# How is this an autocatalytic reaction?

I'm probably missing a simple component of this reaction, but for some reason I not seeing it.

These are two steps that compose a radical process of the Briggs-Rauscher reaction (that are autocatalytic):

$IO_3^- + HIO_2+H^+ \rightarrow 2IO_2 \cdot +H_2O$
$IO_2 \cdot + Mn^{2+} + H_2O \rightarrow HIO_2 + Mn(OH)^{2+}$

This process is autocatalytic in the sense that 2 $HIO_2$ is produced for each one consumed. However, I'm just not seeing that for some reason. Like I said, it's probably a simple thing I overlooked. So, I'm looking for an explanation for what's going on here.

In your first reaction, $\ce{HIO2}$ and $\ce{HIO3}$ react to form $\ce{2IO2.}$ and $\ce{H2O}$.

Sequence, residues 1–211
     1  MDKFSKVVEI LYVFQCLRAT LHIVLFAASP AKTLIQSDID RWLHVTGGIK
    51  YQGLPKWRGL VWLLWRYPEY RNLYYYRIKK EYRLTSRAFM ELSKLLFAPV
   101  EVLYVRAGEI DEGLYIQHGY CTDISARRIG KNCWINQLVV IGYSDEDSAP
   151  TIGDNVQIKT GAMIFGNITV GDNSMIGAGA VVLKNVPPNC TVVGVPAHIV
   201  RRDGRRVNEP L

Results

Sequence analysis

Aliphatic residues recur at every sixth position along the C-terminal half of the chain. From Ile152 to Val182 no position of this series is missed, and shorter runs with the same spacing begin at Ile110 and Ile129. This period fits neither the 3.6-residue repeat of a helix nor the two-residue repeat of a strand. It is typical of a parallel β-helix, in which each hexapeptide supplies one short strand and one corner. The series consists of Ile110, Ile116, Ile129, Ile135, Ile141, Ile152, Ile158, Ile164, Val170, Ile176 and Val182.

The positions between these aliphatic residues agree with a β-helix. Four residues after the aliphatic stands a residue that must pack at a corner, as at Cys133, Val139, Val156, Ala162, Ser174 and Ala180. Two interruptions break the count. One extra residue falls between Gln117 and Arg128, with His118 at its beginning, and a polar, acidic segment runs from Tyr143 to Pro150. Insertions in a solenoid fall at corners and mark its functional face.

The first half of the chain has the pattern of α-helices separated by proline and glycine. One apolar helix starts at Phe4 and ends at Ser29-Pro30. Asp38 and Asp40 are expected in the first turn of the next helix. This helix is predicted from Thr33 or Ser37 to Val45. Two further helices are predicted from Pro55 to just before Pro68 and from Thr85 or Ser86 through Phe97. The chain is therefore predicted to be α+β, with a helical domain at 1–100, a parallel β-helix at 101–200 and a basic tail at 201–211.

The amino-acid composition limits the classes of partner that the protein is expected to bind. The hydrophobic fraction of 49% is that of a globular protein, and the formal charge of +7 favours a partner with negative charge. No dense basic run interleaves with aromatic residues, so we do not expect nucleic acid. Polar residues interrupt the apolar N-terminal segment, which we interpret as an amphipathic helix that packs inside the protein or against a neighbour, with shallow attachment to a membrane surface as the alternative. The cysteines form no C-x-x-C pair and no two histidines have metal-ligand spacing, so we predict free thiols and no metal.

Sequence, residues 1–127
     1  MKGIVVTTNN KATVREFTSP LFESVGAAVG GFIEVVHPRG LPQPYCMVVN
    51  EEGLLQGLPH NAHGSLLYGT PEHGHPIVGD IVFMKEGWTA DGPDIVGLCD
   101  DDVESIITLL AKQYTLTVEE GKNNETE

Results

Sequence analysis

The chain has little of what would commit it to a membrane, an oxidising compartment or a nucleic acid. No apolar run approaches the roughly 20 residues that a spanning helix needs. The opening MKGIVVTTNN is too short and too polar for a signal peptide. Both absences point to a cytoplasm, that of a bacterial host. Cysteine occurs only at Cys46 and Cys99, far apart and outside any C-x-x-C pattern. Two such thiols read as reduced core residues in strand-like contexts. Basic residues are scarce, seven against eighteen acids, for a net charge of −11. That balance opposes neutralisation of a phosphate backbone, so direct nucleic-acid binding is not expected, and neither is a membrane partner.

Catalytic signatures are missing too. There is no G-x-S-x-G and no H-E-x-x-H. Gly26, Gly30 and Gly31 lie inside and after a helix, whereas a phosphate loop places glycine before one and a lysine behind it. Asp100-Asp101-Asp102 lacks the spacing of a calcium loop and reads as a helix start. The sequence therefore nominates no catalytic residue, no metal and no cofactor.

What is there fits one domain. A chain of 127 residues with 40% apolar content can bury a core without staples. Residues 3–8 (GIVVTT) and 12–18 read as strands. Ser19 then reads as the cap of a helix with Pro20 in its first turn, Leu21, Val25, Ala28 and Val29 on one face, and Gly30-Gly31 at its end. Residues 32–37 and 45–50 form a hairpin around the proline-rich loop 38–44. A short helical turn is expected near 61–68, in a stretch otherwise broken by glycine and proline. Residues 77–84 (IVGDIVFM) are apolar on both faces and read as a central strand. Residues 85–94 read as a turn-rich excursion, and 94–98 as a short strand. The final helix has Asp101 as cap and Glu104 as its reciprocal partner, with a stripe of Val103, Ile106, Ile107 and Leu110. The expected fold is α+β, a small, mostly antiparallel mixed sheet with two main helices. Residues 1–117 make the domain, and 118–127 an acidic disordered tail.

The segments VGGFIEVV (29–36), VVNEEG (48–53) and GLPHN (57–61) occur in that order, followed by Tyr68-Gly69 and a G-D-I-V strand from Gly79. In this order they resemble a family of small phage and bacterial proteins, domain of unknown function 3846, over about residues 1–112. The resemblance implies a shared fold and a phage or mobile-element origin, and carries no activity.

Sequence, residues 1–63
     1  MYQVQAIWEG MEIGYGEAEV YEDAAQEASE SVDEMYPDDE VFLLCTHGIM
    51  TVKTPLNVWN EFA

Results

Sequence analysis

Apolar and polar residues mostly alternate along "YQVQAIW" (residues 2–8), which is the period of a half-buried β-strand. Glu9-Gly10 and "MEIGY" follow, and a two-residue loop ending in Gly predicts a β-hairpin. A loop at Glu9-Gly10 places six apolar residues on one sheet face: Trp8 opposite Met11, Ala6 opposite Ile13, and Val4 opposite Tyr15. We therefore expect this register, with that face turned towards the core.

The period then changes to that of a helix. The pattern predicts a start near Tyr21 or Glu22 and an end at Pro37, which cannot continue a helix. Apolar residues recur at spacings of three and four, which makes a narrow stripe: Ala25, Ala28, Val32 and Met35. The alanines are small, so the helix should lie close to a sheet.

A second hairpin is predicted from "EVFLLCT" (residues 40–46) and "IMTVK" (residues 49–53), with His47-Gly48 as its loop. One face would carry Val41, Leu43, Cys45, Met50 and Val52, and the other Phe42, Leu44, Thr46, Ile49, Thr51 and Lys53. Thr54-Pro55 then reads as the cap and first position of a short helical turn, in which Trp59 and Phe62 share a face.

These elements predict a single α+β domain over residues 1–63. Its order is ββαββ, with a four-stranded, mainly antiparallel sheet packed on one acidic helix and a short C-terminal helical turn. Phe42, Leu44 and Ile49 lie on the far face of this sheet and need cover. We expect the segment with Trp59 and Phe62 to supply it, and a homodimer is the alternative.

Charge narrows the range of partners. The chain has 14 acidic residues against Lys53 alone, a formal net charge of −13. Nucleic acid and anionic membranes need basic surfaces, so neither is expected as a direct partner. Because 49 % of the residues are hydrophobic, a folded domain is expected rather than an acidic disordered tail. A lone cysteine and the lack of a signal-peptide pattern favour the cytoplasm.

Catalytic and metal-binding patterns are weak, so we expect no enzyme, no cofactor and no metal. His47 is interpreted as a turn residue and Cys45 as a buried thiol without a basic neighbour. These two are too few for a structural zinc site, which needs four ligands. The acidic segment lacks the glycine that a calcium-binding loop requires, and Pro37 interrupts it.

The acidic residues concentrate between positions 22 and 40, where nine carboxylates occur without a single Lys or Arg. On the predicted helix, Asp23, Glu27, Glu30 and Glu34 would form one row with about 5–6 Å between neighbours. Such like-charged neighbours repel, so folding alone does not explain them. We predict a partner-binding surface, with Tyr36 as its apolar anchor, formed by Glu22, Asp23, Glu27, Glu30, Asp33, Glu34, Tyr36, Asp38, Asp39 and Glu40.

In your second reaction, $\ce{IO2\cdot}$ is being reduced back to $\ce{HIO2}$ by $\ce{Mn^{2+}}$. Since the first reaction produced $\ce{2IO2.}$, this second reaction needs to happen twice for each time the first reaction occurs. The pair of reactions is really:

$$\ce{ IO3- + HIO2 + H+ -> 2IO2. +H2O }$$ $$2\left(\ce{IO2. +Mn^{2+} +H2O-> HIO2 + Mn(OH)^{2+}} \right)$$

When you combine these reactions into an overall reaction, the instances of $\ce{IO2.}$ cancel and you are left with a net gain of $\ce{HIO2}$.

$$\ce{IO3- + H+ +2Mn^{2+} + H2O-> HIO2 + 2Mn(OH)^{2+}}$$

Of course, the net reaction does not hint at the autocatalytic behavior. To emphasize that the reaction is autocatalytic, you could write the overall reaction in a not quite simplest form:

$$\ce{IO3- + HIO2 + H+ +2Mn^{2+} + H2O-> 2HIO2 + 2Mn(OH)^{2+}}$$